18 February 2009

Elvis Presley (Part Two)

Fun In Acapulco
Pan-American Elvis

 Kiss Me Quick!
The Latin Soul of Elvis Presley
by Donny Jacobs


For your listening and dancing pleasure, here are fifteen more pieces of vinyl evidence that Elvis could've sung anything Xavier Cugat might've thrown his way.  Not only that . . . dude would've sung the menudo out of it!

Flaming Star

Flaming Star

 (Sherman Edwards, Sid Wayne)
Hollywood never could get the sound of Native American music right. What their music directors came up with always sounded contrived, and there was usually some kind of inappropriate syncopation in the arrangements. It was hardly authentic, but it made for good production numbers. Wayne and Edwards' theme to Flaming Star isn't authentic Indian music either, but it's a wicked infectious dance number. Elvis and The Jordanaires get deep down in the groove of this reservation rhumba; no doubt lots of listeners got into it with them!
Produced by Urban Thielmann and Elvis Presley
recorded 7 October 1960

 
Indescribably Blue

 (Darrell Glenn)
This track was cut at the same session that produced "I'll Remember You". It's not as beautiful, but the wrenchingly sad interpretation that Elvis laid down tagged the song as a potential showstopper. You can easily imagine torrents of tears being unleashed as the King performed it live on stage. Too bad he never made this Rock 'n' Roll bolero part of his regular concert repertoire.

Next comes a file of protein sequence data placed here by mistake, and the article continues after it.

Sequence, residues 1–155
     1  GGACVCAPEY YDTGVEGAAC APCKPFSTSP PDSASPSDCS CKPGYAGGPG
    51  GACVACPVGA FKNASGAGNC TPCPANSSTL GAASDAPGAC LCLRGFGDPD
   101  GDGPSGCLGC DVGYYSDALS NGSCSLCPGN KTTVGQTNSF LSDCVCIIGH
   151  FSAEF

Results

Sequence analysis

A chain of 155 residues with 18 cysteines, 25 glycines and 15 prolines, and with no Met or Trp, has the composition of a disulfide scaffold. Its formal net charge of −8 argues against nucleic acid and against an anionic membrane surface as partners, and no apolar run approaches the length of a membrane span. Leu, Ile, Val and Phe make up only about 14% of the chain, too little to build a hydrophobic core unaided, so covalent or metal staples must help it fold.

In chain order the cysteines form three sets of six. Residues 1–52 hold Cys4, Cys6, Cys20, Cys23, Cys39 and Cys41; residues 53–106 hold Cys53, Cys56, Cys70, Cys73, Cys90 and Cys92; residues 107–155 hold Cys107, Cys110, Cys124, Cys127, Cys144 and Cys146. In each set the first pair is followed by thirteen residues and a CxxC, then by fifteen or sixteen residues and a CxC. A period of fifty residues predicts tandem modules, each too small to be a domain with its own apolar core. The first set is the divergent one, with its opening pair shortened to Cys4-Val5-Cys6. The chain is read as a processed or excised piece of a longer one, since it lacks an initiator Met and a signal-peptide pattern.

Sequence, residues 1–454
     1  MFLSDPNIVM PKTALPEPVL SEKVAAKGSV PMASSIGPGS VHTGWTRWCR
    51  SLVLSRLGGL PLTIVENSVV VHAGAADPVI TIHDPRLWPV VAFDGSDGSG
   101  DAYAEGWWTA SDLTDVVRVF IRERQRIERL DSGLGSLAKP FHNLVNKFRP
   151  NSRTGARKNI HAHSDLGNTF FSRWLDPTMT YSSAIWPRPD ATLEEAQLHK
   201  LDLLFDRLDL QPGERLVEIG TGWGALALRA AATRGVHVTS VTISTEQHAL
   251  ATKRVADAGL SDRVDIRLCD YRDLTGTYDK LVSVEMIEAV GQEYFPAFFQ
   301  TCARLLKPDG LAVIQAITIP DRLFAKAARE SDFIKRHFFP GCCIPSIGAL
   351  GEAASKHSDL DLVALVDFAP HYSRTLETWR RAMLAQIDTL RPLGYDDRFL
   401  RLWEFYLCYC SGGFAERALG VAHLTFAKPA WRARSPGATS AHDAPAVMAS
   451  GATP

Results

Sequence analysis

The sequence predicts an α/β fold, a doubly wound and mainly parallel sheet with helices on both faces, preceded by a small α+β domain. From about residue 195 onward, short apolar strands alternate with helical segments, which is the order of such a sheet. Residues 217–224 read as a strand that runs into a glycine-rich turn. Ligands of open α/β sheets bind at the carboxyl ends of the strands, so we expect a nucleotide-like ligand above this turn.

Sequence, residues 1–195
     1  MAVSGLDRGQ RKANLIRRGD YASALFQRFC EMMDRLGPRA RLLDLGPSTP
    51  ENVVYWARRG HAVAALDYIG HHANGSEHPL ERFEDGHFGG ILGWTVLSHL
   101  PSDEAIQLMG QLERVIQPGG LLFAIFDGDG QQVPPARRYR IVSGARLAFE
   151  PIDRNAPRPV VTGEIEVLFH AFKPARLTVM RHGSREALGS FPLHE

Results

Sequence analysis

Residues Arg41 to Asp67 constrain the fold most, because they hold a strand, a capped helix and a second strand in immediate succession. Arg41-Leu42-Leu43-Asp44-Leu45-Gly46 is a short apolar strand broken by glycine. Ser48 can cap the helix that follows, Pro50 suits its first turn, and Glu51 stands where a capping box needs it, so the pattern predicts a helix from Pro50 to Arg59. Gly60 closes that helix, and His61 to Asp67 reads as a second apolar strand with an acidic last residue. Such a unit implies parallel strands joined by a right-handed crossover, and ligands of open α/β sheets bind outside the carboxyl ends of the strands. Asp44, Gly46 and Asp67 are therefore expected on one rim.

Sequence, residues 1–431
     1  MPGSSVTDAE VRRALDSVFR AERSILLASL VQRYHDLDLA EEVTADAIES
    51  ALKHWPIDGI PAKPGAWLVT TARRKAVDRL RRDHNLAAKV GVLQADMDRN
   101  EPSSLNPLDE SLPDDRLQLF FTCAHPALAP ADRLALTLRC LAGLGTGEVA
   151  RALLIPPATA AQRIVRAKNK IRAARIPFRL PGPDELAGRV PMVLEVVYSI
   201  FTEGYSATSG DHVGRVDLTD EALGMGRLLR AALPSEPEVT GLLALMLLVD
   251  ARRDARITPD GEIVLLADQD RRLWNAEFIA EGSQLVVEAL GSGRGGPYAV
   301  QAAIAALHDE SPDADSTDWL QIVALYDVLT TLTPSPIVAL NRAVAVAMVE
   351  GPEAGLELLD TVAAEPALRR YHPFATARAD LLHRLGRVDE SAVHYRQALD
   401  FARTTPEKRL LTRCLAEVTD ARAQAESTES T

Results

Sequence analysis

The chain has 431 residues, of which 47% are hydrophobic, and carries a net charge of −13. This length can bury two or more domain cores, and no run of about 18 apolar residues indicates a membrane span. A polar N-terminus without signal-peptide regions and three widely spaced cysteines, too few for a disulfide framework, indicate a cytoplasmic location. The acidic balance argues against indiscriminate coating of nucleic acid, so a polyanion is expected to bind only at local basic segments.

Produced by Felton Jarvis
recorded 10 June 1966


Do The Clam

Do The Clam
(Dolores Fuller, Sid Wayne, Ben Weisman)

If a poll were taken to determine which Elvis Presley movie song Rock critics hate most, "Do The Clam" might take top honors. "In The Ghetto" it definitely ain't!  The song is unabashedly frivolous, obviously written to justify a production number (in this case, for Girl Happy). But hey, who says the King of Rock 'n' Roll can't have fun with an occasional throwaway dance tune? Before you throw it away, be sure to open its clamshell and dig the smokin' sax and bongó break on this extended rhumba workout.
Produced by Georgie Stoll and Elvis Presley
recorded 12 June 1964


Rock-A-Hula Baby
(Dolores Fuller, Sid Wayne, Ben Weisman)

What does an actress do after starring in '50s cult films like Bride Of The Monster and Glen Or Glenda? Dolores Fuller moved to New York, signed to Hill and Range Music, and began churning out movie songs like "Do The Clam". She also co-wrote this unforgettable number. Equal parts Hawaiian ceremonial music and Spanish Harlem pachanga, "Rock-A-Hula Baby" was Elvis' gift to twist-crazed teenagers during the Christmas season of 1962. The Surfers, fronted by the late Alan Kalani, join The Jordanaires in frenzied background shouts and chants.
Produced by Joseph Lilley and Elvis Presley
recorded 23 March 1961

 
I'll Be There
(Bobby Darin)

The Habanera Rock craze had waned long before Elvis scheduled his historic first sessions at Memphis' American Studios. However, bonafide habaneras lay hidden beneath the melodies of some of the songs he cut there. Tupelo, Mississippi's pride and joy poured a honey-sweet, Gospel tinged vocal over "I'll Be There", making this Bobby Darin Country ballad a hidden treat for fans to discover. First, though, they had to get past formidable session mates the calibre of "In The Ghetto", "Don't Cry, Daddy", "Rubberneckin'" and a superb tango rocker called "Suspicious Minds".
Produced by Chips Moman and Felton Jarvis
recorded 23 January 1969


Devil In Disguise
(Bernie Baum, Billy Giant, Florence Kaye)